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Members and supporters of the United Education Association of Shelby County are joined by interim superintendent Joris Ray in a #RedForEdDay of Action to raise awareness about inequities in public education earlier this month.

Members and supporters of the United Education Association of Shelby County are joined by interim superintendent Joris Ray in a #RedForEdDay of Action to raise awareness about inequities in public education earlier this month.

Negotiations between Shelby County Schools and teacher organizations start Friday. Here’s who will be at the table and what to expect.

For the first time in four years, Shelby County Schools and teacher leaders are headed to the bargaining table to hash out a new agreement.

Teacher representatives and district leaders will first meet separately Friday to set priorities and strategize. A meeting with all negotiators present is expected after spring break in mid-March.

The negotiations come as the district is being led by interim superintendent Joris Ray, a career Memphis educator, who has a strong base of teachers and principals. Although Ray will be heavily involved in guiding the district during contract talks, he will not be in the negotiating room.

Teachers have been operating under an expired agreement for nearly a year. The new contract will affect more than 7,000 Shelby County Schools teachers and other licensed educators, but not principals and assistant principals. This is the first time teachers in Memphis have been represented by two groups, the Memphis-Shelby County Education Association and United Education Association.

“The number one priority is a return to a salary schedule so they can have guaranteed increases,” said Keith Williams, the executive director of Memphis-Shelby County Education Association. His group gathered survey responses from about 2,000 members.

Teacher organization leaders also hope to talk about work hours, health benefits, and teaching district curriculums. Among the top concerns for United Education Association’s 1,500 members are pay rates for various positions, how Shelby County Schools handles intradistrict transfers, and out-of-pocket health expenses.

Shelby County Schools did not provide a statement for this story.

The scales are tipped in favor of district leaders from the outset because of a 2011 state law that eliminated the strongest union tool — collective bargaining — and significantly narrowed the scope of negotiations.

Teacher organization agreements cannot address teacher evaluations, basing personnel decisions on tenure or seniority, or bonuses and raises based on teacher performance.

That last category is part of what propelled Denver teachers to a strike for three days earlier this month, after the teacher union could not reach an agreement with Denver Public Schools. Teacher strikes are illegal in Tennessee and if there’s an impasse during negotiations, the school board gets the final word.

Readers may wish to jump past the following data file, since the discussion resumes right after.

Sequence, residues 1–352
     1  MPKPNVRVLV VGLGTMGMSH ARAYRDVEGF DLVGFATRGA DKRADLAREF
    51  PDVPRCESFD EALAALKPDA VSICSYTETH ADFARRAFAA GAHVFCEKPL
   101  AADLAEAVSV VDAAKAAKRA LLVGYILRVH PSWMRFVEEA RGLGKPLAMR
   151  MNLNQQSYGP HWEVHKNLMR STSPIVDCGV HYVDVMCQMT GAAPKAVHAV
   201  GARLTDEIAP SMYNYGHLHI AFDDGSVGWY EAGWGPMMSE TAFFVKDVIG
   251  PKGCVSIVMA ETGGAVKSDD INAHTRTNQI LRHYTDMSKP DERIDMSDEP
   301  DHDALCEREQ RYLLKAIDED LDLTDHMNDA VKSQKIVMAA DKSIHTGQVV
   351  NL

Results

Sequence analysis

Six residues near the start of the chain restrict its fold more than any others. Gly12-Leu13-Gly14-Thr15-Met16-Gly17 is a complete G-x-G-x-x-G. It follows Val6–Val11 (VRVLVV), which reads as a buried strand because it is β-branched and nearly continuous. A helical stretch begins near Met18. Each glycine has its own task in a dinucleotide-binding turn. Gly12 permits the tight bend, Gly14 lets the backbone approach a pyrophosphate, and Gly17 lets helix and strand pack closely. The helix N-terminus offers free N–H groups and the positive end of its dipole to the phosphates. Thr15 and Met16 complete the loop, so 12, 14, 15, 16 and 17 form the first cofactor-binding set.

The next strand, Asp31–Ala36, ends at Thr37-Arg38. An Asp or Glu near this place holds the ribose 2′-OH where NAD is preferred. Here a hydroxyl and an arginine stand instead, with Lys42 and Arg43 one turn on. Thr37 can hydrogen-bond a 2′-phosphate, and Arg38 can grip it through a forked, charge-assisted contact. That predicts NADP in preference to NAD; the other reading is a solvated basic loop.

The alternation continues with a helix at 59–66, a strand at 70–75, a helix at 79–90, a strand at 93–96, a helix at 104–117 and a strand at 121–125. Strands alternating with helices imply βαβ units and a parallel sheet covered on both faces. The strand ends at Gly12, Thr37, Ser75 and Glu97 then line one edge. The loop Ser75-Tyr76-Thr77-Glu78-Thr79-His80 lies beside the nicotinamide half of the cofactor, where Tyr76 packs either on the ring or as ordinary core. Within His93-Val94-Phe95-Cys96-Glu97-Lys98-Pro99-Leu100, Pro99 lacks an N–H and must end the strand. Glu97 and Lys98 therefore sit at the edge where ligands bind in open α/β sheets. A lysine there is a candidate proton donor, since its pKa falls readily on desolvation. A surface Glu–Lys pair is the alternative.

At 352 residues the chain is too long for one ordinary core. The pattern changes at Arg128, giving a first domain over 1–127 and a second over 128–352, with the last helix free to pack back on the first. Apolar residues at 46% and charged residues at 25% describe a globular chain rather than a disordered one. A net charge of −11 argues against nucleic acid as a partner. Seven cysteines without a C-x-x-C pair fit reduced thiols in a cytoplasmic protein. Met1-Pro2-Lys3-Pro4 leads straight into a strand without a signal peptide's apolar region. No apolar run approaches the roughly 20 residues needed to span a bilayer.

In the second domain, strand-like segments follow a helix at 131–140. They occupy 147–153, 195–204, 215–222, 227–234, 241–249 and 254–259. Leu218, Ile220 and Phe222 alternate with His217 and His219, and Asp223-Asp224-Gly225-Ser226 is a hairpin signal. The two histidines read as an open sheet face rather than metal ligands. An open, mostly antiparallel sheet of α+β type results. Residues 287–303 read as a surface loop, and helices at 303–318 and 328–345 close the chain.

That means the parties don’t actually have to come to an agreement, said Linda Wesson, the assistant director of Tennessee’s Offices of Research and Education Accountability. Her office analyzed the 2011 law on teacher negotiations, now known as collaborative conferencing.

“With collaborative conferencing if you don’t have an agreement, management just says here’s what you’re going to do,” she said.

Still, a strike isn’t completely out of the question, according to both teacher group leaders.

“Striking is an act of civil disobedience,” Williams said of the outlawed practice. “But you have to make sure people want to strike.”

“If we can collaborate to get what we need, we won’t get to a point where we have to strike,” said Tikeila Rucker, the president of United Education Association.

Below is a list of people who will be at the bargaining table:

Shelby County Schools

  • Sharonda Beard, principal at Balmoral Ridgeway Elementary
  • Chantay Branch, director of labor relations
  • Terrance Brittenum, principal at A. Maceo Walker Middle
  • Antonio Burt, chief academic officer
  • Lin Johnson, deputy superintendent of finance and operations
  • Kelvin Meeks, principal at Mitchell High
  • Trinette Small, chief of human resources
  • Kenneth Walker, associate general counsel
  • Rita White, principal at Barret’s Chapel K-8
  • Angela Whitelaw, deputy superintendent of schools and academic support
  • Michael Woods, labor relations advisor

Memphis-Shelby County Education Association

  • Charlotte Fields, middle school teacher
  • Jesse Jeff, MSCEA staff
  • April Jeffries, elementary teacher
  • Phyllis Kyle, MSCEA staff
  • Rholedia Morgan, high school teacher
  • Keith Williams, executive director of MSCEA
  • Gloria Williams, middle school teacher

United Education Association of Shelby County

  • Donna Going, student mental health
  • Lisa Jorgensen, elementary school teacher
  • Larita Mitchell, elementary teacher
  • Tikeila Rucker, president of United Education Association
  • Chris Stallings, middle school teacher
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